Immigrants aren’t forcing our government to give them anything — most are just here looking for work. If immigrants are costly, we need to figure out why we’re spending so much money on them, not just ban them from the country.

    Also, if some immigrants are exploiting ineffeciencies in our entitlement systems, we again need to adjust the entitlements, not kick them out of the country and keep the inefficient entitlements.

    Phil (427875)

  61. NK, you have the enviable ability to ignore rational criticism, and the courage to press on with mighty determination and conviction, no matter how ill-advised and doomed your course of action.

    This will never lead you astray. As long as you truly believe you are right, you will never be wrong.

    Phil (427875)

  62. Gee thanks, Phil. Likewise.

    nk (835ea1)

  63. Patterico #53 (quoting Phil #52):

    “Generally, only the people who are unable to do physical labor for some reason end up unemployed in the U.S.”

    That’s my candidate for Most Naive Statement of the Year.

    If you are taking nominations, I also nominate the last sentence of Phil’s comment #52:

    “And this artificial shortage of labor creates perverse incentives, because doing repetitive labor is just as valuable as doing something innovative.”

    DRJ (2d5e62)

  64. Most of the responses here seem to be about taking easy potshots, and creating straw-man arguments to try and avoid having a real discussion.

    Do anti-immigration folks really believe that it makes good economic sense to promote labor shortages, and prevent free trade? I thought this was a conservative blog. I feel like I’ve walked into a union hall here.

    Phil (427875)

  65. Phil #61:

    “Simply keeping people out of the society as a whole because you think they’ll be too poor to contribute their share is illogical.”

    I don’t want a more secure border because I think illegal immigrants will be too poor to contribute their share. Over the past 25 years, I’ve learned the hard way that they are too poor to contribute their share.

    I wasn’t happy but I was willing to see my local school taxes triple so we could educate the children of illegal immigrants, because I hoped their children would take advantage of our educational opportunities and make a meaningful contribution that their parents couldn’t make. Instead, the Hispanic drop-out rate in Texas high schools grows every year. Similarly, I accepted a ten-fold increase in my local hospital taxes to pay for illegal immigrants who use the hospital emergency room for routine medical care, because I want them and particularly their children to have decent medical care.

    However, after years of living with illegal immigrants who are satisfied with manual labor jobs for themselves and their children, I’ve had enough. I can barely earn enough money to pay for the social services that support my family without having to pay their share, too, and I know it will be an even heavier burden for my children. Your platitudes may be well-intentioned, Phil, but the reality is that “illegal immigration + social services” is a losing formula unless we get our borders under control.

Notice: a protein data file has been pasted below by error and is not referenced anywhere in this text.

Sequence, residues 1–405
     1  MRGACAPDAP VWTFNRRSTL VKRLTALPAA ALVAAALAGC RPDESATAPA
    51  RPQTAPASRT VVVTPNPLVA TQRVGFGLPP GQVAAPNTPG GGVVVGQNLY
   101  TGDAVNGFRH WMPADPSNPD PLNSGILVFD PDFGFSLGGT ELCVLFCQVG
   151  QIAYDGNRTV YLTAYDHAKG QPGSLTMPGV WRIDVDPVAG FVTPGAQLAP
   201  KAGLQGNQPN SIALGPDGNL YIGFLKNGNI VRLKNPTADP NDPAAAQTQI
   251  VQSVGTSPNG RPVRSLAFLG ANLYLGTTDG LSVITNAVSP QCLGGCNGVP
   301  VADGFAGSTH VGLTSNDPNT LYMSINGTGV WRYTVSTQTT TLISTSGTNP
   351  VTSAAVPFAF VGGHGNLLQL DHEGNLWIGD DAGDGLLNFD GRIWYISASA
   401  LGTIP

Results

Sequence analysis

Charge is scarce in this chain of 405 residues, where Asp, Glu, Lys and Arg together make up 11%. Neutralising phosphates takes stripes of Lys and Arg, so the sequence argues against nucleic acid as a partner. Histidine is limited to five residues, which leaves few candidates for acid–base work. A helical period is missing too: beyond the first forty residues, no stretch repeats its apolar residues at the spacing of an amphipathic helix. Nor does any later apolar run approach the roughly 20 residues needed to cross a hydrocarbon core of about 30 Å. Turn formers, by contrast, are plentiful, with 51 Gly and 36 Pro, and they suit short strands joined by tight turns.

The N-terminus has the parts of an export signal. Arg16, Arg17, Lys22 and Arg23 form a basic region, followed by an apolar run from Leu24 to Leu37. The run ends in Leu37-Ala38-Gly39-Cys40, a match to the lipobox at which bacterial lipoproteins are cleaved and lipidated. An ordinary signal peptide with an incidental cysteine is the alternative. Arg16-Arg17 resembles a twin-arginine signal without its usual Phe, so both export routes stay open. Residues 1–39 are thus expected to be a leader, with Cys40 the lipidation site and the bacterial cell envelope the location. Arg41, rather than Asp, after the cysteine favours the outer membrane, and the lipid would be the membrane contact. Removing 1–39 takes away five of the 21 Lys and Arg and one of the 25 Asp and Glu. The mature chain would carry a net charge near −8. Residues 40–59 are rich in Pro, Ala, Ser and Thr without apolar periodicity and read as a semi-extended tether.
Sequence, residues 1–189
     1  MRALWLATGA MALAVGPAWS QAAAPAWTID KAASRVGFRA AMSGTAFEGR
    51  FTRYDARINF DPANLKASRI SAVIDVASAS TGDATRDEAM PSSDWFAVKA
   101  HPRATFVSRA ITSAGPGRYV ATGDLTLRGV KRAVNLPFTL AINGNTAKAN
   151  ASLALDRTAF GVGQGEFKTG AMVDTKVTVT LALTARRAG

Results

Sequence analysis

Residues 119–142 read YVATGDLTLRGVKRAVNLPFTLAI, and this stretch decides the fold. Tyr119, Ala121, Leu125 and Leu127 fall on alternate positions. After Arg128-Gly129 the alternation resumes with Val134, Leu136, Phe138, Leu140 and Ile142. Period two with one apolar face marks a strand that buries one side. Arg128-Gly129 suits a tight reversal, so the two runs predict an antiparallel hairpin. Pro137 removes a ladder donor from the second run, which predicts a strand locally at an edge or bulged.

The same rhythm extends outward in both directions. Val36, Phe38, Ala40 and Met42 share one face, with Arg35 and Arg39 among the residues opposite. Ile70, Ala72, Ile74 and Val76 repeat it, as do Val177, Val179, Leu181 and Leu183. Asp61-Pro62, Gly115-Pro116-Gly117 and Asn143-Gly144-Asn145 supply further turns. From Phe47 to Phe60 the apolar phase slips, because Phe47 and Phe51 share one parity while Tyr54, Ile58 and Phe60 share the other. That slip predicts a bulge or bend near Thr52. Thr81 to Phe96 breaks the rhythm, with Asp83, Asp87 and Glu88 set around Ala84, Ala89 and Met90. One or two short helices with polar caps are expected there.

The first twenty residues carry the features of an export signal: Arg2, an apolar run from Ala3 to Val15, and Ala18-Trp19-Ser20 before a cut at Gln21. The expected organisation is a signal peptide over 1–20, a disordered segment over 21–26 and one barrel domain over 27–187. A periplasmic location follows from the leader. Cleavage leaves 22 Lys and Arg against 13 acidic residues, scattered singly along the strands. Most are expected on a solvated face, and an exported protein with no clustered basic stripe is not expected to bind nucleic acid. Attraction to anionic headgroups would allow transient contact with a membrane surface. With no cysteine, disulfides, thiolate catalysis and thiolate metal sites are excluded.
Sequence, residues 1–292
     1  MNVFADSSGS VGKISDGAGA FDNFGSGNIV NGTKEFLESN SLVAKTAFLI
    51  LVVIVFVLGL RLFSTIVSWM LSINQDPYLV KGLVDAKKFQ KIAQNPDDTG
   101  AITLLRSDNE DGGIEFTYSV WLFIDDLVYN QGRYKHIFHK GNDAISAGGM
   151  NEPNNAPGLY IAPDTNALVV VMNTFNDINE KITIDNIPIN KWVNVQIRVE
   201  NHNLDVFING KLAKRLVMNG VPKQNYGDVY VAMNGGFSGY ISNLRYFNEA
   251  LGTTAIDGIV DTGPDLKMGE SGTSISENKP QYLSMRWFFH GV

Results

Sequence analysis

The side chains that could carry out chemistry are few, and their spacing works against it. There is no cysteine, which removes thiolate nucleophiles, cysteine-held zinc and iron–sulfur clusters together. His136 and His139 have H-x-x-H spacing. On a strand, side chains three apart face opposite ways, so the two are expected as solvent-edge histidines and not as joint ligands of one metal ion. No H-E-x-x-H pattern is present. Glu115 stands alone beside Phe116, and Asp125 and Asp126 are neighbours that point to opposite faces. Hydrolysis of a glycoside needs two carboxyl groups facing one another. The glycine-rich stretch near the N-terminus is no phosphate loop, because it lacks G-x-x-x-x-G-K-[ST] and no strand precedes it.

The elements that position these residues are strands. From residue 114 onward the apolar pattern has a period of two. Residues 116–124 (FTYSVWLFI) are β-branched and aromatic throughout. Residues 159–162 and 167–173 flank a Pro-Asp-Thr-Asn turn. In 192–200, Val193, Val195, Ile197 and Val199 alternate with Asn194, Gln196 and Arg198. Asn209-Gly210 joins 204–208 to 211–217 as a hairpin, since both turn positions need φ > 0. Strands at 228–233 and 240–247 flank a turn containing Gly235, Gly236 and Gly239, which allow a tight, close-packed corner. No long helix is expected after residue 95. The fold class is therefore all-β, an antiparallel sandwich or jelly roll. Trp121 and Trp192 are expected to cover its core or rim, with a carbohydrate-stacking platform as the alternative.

DRJ (2d5e62)

  66. Phil #65,

    We can have free trade but that doesn’t mean we can’t have border control, too.

    DRJ (2d5e62)

  67. Phil, seriously, you are illogical, and this is not a strawman or a cheap shot.

    First you say it’s illogical to keep people out who would be a net drain on the system, and then you fail to state what’s illogical about that; next you try to link that to deporting people who are using entitlements. It makes no sense–the country as a whole bestows or takes away benefits as social policy evolves and people have a choice to live here or go someplace better. If we ARE shrinking entitlements it’s because o/w the country would go broke and because welfare, for instance, does more harm than good to the people it “helps.”

    Then you say we should figure out why we are spending so much on illegals, but we know why: we offer it to them! If you can figure out a way to rationally deny education, medical care, WIC payments, use of fire and police, SsI for the elderly etc., to illegal immigrants here, without a police state, please explain.

    So which is it, do you want a massive welfare society, or do you want endless cheap labor? Oh wait, that’s what we have now. Something for the right and something for the left.

    And that’s it for me.

    Patricia (824fa1)

  68. The comment made by Phil in May 2007 is stupid. We take hundred of pictures of illegals crossing our borders. We take pictures of them climbing over a wall….sometimes running, sometimes walking, sometimes resting. Yeah they seem really afraid of danger and death!!! Get real! Why are we now bending every law, every rule, everything? Why these people? It is amazing to me to look up employment ads and see at least sixty percent are requiring us as Americans to speak another nations language to even apply for the job!!!! There are Americans losing their homes, while we find new ways of putting illegals in homes!!! And this sense of entitlement, where did it come from? They come up to us and ask “Do you speak Spanish?” We are in America!!!!!! My ancestors would not have survived if they had not learned English!!!! Enough already!!!!

    Kay (50976c)